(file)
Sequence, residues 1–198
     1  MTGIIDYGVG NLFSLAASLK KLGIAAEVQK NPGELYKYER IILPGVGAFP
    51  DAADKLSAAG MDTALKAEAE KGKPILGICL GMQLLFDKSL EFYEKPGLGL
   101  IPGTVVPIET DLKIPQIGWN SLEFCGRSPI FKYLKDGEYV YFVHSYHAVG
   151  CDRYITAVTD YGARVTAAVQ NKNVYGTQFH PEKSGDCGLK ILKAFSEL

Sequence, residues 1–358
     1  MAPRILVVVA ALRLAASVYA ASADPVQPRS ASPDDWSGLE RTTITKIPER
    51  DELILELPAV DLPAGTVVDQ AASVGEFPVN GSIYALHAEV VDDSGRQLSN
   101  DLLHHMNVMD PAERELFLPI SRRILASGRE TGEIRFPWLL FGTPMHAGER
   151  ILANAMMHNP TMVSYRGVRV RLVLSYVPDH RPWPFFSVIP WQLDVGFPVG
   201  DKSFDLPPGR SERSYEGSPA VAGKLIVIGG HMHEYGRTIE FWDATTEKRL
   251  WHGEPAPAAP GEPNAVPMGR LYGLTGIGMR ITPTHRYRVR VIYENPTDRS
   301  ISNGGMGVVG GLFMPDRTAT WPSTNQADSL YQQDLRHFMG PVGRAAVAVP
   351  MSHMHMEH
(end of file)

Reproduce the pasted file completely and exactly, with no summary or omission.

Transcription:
Sequence, residues 1–198
     1  MTGIIDYGVG NLFSLAASLK KLGIAAEVQK NPGELYKYER IILPGVGAFP
    51  DAADKLSAAG MDTALKAEAE KGKPILGICL GMQLLFDKSL EFYEKPGLGL
   101  IPGTVVPIET DLKIPQIGWN SLEFCGRSPI FKYLKDGEYV YFVHSYHAVG
   151  CDRYITAVTD YGARVTAAVQ NKNVYGTQFH PEKSGDCGLK ILKAFSEL

Sequence, residues 1–358
     1  MAPRILVVVA ALRLAASVYA ASADPVQPRS ASPDDWSGLE RTTITKIPER
    51  DELILELPAV DLPAGTVVDQ AASVGEFPVN GSIYALHAEV VDDSGRQLSN
   101  DLLHHMNVMD PAERELFLPI SRRILASGRE TGEIRFPWLL FGTPMHAGER
   151  ILANAMMHNP TMVSYRGVRV RLVLSYVPDH RPWPFFSVIP WQLDVGFPVG
   201  DKSFDLPPGR SERSYEGSPA VAGKLIVIGG HMHEYGRTIE FWDATTEKRL
   251  WHGEPAPAAP GEPNAVPMGR LYGLTGIGMR ITPTHRYRVR VIYENPTDRS
   301  ISNGGMGVVG GLFMPDRTAT WPSTNQADSL YQQDLRHFMG PVGRAAVAVP
   351  MSHMHMEH